advertisement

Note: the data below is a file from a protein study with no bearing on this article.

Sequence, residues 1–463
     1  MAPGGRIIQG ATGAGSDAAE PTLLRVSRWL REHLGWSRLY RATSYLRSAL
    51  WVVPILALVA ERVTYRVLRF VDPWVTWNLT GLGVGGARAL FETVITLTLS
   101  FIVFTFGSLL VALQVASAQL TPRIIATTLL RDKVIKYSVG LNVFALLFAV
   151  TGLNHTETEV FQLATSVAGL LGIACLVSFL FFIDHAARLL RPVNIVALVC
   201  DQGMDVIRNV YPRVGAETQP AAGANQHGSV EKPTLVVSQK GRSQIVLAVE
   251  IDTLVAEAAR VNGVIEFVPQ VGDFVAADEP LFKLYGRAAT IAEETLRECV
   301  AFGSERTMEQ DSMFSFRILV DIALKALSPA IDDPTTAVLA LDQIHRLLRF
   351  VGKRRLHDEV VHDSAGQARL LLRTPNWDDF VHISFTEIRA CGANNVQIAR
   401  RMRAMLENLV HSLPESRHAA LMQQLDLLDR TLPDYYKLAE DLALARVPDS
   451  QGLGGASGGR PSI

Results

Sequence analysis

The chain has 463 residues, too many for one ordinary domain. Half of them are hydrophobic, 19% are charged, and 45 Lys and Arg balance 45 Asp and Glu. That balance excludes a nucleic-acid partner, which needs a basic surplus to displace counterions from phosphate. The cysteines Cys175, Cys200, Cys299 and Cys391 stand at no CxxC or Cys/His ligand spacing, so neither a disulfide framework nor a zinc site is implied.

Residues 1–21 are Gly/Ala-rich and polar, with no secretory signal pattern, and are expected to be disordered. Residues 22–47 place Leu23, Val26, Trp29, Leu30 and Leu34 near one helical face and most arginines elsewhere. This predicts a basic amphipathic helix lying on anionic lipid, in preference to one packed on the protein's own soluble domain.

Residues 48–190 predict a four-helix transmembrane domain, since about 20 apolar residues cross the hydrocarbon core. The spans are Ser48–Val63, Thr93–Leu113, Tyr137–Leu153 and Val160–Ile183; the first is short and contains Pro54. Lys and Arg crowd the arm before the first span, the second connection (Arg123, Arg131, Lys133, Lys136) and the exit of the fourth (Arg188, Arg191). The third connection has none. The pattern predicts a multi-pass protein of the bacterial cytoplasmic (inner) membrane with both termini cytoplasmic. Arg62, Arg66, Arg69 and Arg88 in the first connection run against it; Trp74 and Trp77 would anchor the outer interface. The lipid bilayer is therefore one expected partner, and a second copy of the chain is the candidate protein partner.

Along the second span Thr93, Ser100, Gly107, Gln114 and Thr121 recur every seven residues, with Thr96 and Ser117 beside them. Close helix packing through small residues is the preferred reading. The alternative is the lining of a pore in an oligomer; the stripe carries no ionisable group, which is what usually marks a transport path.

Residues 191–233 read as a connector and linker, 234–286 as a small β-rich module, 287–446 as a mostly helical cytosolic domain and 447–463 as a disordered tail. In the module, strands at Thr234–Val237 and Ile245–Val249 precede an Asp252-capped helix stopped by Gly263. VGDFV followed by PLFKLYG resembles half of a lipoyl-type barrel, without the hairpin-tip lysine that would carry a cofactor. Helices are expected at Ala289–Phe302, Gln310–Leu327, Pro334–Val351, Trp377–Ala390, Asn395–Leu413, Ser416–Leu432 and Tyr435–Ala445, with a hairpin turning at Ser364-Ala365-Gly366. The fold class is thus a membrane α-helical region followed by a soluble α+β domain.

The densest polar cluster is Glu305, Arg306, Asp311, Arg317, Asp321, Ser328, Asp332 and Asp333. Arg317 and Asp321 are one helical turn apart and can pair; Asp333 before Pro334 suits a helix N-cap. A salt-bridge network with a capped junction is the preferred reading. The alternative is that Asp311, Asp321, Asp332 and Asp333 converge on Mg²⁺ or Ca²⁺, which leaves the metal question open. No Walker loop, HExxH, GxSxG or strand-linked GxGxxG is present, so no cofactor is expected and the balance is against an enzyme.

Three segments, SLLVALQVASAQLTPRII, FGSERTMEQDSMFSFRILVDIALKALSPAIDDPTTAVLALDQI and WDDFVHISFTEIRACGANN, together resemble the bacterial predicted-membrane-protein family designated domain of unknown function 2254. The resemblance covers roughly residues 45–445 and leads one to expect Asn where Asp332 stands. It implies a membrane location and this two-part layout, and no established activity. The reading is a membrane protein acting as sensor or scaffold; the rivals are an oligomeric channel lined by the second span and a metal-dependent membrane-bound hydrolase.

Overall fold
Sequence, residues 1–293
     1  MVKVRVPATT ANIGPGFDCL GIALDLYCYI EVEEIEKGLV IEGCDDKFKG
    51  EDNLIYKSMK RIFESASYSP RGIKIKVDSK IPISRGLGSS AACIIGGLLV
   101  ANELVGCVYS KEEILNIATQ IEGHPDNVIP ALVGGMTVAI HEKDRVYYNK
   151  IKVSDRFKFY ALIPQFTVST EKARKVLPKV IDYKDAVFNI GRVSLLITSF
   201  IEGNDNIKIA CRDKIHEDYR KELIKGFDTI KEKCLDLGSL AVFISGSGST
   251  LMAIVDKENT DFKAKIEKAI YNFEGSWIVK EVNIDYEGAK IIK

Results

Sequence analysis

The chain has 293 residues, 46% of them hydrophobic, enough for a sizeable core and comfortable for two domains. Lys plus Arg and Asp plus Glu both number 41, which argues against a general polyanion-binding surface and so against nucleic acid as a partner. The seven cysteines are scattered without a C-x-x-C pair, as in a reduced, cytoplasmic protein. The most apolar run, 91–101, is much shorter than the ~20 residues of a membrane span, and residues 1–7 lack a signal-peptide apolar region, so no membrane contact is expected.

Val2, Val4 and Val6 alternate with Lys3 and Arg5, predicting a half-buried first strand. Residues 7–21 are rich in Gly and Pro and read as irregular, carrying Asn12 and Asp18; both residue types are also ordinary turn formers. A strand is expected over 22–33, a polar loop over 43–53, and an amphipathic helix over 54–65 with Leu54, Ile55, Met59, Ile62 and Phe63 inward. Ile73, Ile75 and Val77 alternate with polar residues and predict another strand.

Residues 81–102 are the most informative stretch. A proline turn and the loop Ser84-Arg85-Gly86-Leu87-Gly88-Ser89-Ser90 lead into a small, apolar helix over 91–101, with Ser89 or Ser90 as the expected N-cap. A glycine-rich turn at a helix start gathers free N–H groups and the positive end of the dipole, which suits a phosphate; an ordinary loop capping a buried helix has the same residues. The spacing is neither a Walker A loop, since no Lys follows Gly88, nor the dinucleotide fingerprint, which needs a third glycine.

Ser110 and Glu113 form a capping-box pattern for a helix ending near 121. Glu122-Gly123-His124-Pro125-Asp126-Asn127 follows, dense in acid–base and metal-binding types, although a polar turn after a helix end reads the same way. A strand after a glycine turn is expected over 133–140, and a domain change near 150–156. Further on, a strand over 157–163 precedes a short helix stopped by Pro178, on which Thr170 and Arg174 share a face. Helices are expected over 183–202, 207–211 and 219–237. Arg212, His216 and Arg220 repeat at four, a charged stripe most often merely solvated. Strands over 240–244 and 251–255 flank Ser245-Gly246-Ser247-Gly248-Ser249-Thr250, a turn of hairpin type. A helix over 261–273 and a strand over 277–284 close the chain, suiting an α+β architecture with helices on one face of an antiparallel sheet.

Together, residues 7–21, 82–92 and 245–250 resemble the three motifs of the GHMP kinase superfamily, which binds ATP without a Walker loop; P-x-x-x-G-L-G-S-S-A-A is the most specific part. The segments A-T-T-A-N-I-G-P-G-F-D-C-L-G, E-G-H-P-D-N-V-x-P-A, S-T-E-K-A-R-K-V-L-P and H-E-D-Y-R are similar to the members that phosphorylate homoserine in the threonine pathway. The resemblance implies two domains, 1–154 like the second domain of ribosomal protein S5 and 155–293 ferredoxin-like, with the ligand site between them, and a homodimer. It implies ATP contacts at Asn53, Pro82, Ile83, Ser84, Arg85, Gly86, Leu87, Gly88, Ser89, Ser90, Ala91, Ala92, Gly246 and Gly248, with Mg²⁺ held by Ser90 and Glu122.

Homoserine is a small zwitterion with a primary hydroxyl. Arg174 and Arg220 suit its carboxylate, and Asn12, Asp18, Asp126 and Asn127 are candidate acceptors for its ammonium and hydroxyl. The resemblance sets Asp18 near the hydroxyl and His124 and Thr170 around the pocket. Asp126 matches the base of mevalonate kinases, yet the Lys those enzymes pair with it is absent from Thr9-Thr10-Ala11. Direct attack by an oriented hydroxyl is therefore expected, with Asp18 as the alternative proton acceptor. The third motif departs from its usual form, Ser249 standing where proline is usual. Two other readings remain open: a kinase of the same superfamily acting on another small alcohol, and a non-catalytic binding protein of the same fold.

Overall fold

Introduction to R Any entity that exists in R is called an object. Some examples of an object are a vector, a matrix, and a function. To create a vector x 5, 3, 14 , the following could be used: > x = c(5,3,14) > x [1] 5 3 14 Here = is the assignment operator that assigns the vector (5, 3, 14) to the object x. The c function is a function that “combines” similar objects into a vector. Generating patterned data Using sequence operator : > y = 1:8 > y [1] 1 2 3 4 5 6 7 8 Using the seq function: > x = seq(from=-1,to=1,by=0.2) > x [1] -1.0 -0.8 -0.6 -0.4 -0.2 0.0 0.2 0.4 0.6 0.8 1.0 The argument by=0.2 in the function specifies the increment size of the sequence. Alternatively, one could use a different argument in the seq function: > seq(from=-1,to=1,len=10) [1] -1.0000000 -0.7777778 -0.5555556 -0.3333333 -0.1111111 [7] 0.3333333 0.5555556 0.7777778 1.0000000 0.1111111 The argument len= specifies the length of the sequence. To generate repeated values, you may use the rep function. The first argument specifies the number or object to be repeated and the second argument determines the number of repetitions. > rep(4,7) [1] 4 4 4 4 4 4 4 > rep(1:5,3) [1] 1 2 3 4 5 1 2 3 4 5 1 2 3 4 5 > rep(1:5,c(2,1,3,2,2)) [1] 1 1 2 3 3 3 4 4 5 5 1 In the previous command, the vector c(2,1,3,2,2)) in the second argument tells R to produce a vector with two 1’s, one 2, three 3’s, two 4’s and two 5’s. This vector must be of the same length as the vector in the first argument. To find the length of a vector, use the function length > x = 5:12 > x [1] 5 6 7 > length(x) [1] 8 8 9 10 11 12 Creating matrices To create a matrix, use the matrix function. The first argument in the function is a vector, with the additional arguments specifying the number of rows or columns, and other attributes. > x = c(3,5,1,2,9,7) > my.matrix = matrix(x,nrow=2) > my.matrix [,1] [,2] [,3] [1,] 3 1 9 [2,] 5 2 7 > my.matrix = matrix(x,ncol=2) > my.matrix [,1] [,2] [1,] 3 2 [2,] 5 9 [3,] 1 7 To transpose a matrix, use the t function: > t(my.matrix) [,1] [,2] [,3] [1,] 3 5 1 [2,] 2 9 7 Note that using the vector given in the first argument, R will by default form a matrix column by column from left to right. To form a matrix row by row from top to bottom using the given vector, set the byrow= argument to TRUE, i.e., byrow=T. > my.matrix = matrix(x,ncol=2,byrow=T) > my.matrix [,1] [,2] [1,] 3 5 [2,] 1 2 [3,] 9 7 2 Arithmetic operators Operator + * / %*% ^ %% function addition subtraction multiplication division matrix multiplication exponentiation modulus > x = 1:5 > x*3 [1] 3 6 9 12 15 > 4-x [1] 3 2 1 0 -1 > x^2 [1] 1 4 9 16 25 > x%%3 [1] 1 2 0 1 2 > y = c(3,0,7,1,5) > x-y [1] -2 2 -4 3 0 > y/x [1] 3.000000 0.000000 2.333333 0.250000 1.000000 > z = matrix(1,nrow=3,ncol=2) > z [,1] [,2] [1,] 1 1 [2,] 1 1 [3,] 1 1 > u=c(4,7) > z%*%u [,1] [1,] 11 [2,] 11 [3,] 11 Mathematical functions Function abs exp gamma log log10 description absolute value exponential (e to a power) gamma function logarithm logarithm (base 10) 3 sqrt cos sin tan acos square root cosine sine tangent arc cosine > log(2) [1] 0.6931472 > gamma(0.5) [1] 1.772454 > sqrt(16) [1] 4 A few mathematical functions for matrices Function diag solve t description create diagonal matrix or extract diagonal values solve system of linear equations; find inverse transpose > diag(c(2,3,1)) [,1] [,2] [,3] [1,] 2 0 0 [2,] 0 3 0 [3,] 0 0 1 > z = matrix(log(1:9),ncol=3) > z [,1] [,2] [,3] [1,] 0.0000000 1.386294 1.945910 [2,] 0.6931472 1.609438 2.079442 [3,] 1.0986123 1.791759 2.197225 > diag(z) [1] 0.000000 1.609438 2.197225 > solve(z) [,1] [,2] [,3] [1,] -5.973389 13.88403 -7.84961 [2,] 23.995963 -67.36519 42.50270 [3,] -16.581171 47.99193 -30.27953 > z%*%solve(z) [,1] [,2] [,3] [1,] 1.000000e+00 1.414147e-14 2.435552e-15 [2,] 2.435552e-15 1.000000e+00 -3.632511e-15 [3,] 2.706169e-16 -2.720046e-15 1.000000e+00 Note that because of the finite accuracy in the numerical computations, the matrix product of ZZ 1 is not exactly equal to the identity matrix, but it is very close. 4 Functions for simple statistics Function mean median min max quantile range sample sum var description arithmetic mean median smallest value largest value quantiles min and max of a vector random sample arithmetic sum variance and covariance > x = c(2,8,5) > mean(x) [1] 5 > var(x) [1] 9 > quantile(x) 0% 25% 50% 2.0 3.5 5.0 75% 100% 6.5 8.0 Functions for Probability Distributions All the functions for probability distributions begin with one of the letters d, p, q, r, followed by the name of distribution (which is abbreviated in R). Density (d) These functions evaluate the p.d.f. or p.m.f. f (x) of the specified distribution. The first argument is the value of x; the other arguments specify the parameters of the distribution. Probability (p) These functions evaluate the c.d.f. F (x) of the specified distribution. The first argument is the value of x; the other arguments specify the parameters of the distribution. Quantile (q) These functions provide the desired quantile (percentile/100) of the specified distribution. The first argument is the value of probability between 0 and 1; the other arguments specify the parameters of the distribution. Random sample (r) These functions generate a vector of random sample from the specified distribution. The first argument is the desired size of the random sample; the other arguments specify the parameters of the distribution. 5 Note: R uses slightly different forms of parameters or variables for some distributions. For example, see the negative binomial distribution below. To find P X 4 where X has a binomial distribution with n = 7 and p = 0.2, i.e., X ~ Bin(7, 0.2) > dbinom(4,7,0.2) [1] 0.028672 Note that the 2nd argument is the number of trials n, and the third argument is the probability of success p. Recall that for the negative binomial distribution, X = number of trials required for the rth success. However, R uses a different variable: Y = number of failures in the sequence of trials where the last trial ends in the rth success. So to find the probability P( X 6) for a negative binomial random variable X with parameters r = 4 successes and p = 0.6, > dnbinom(2,4,0.6) [1] 0.20736 Note that the 1st argument is the value of Y X r , followed by r and p. The p.d.f f (x) of gamma distribution, whose shape parameter is 0.5 and scale parameter is 3, at x 1 is > dgamma(1,shape=0.5,scale=3) [1] 0.2333993 The c.d.f. F (x) of the uniform distribution over the interval (2, 6) evaluated at x = 3 is > punif(3,2,6) [1] 0.25 The 0.6 quantile, i.e., the 60th percentile, of the exponential distribution with parameter 3.0 is > qexp(0.6,1/3) [1] 2.748872 Note that the 2nd argument of the function is 1 / . To generate a random sample of size n 12 from the normal distribution with parameter 20 , and standard deviation 3 > rnorm(12,20,3) [1] 20.39824 25.20233 18.39812 19.65888 26.37264 20.22977 19.52098 [8] 21.34009 20.21618 12.73368 18.79826 19.99685 6 The abbreviations of other special distributions are given in your textbook. Functions for graphing In order to plot a graph, the set of values of x and the set of values of y, both of which are in vector form, must be specified. The lengths of the vector x and vector y must be the same. For example, to plot the graph of y e x on the interval (-2, 2), first create a vector of 50 x values between -2 and 2, inclusive; then create the vector y and use the vectors in the plot command: > x = seq(from=-2,to=2,len=50) > y = exp(x) > plot(x,y) The command plot(x,y) gives a dot plot, i.e., the points specified by the vectors x and y are not connected by a smooth curve. To get a smooth curve of y e x , add the argument type =”l”, where l stands for line. > plot(x,y,type=”l”) To add or overlay another (lined) graph on the plot, say the graph of y x 2 , use the lines function: > u = x^2 > lines(x,u) > lines(x,u,lty=2) The argument lty specifies the line type; lty = 1 gives a solid line (which is the same as that for plot function with type =”l”), lty = 2 or lty = 3 and so on give different types of dotted and dashed lines. To overlay a set of points on the graph, use the points function: > plot(x,y,type=”l”) > u = x^2 > points(x,u) To specify the dimensions of the graph (rather than settling for the default values determined by R), the following can be used: > plot(x,y,type="l",xlim=c(-3,3),ylim=c(-1,10)) The arguments xlim=c(-3,3)and ylim=c(-1,10))set the limits of the x-axis to be -3 and 3, and the limits of the y-axis to be -1 and 10. 7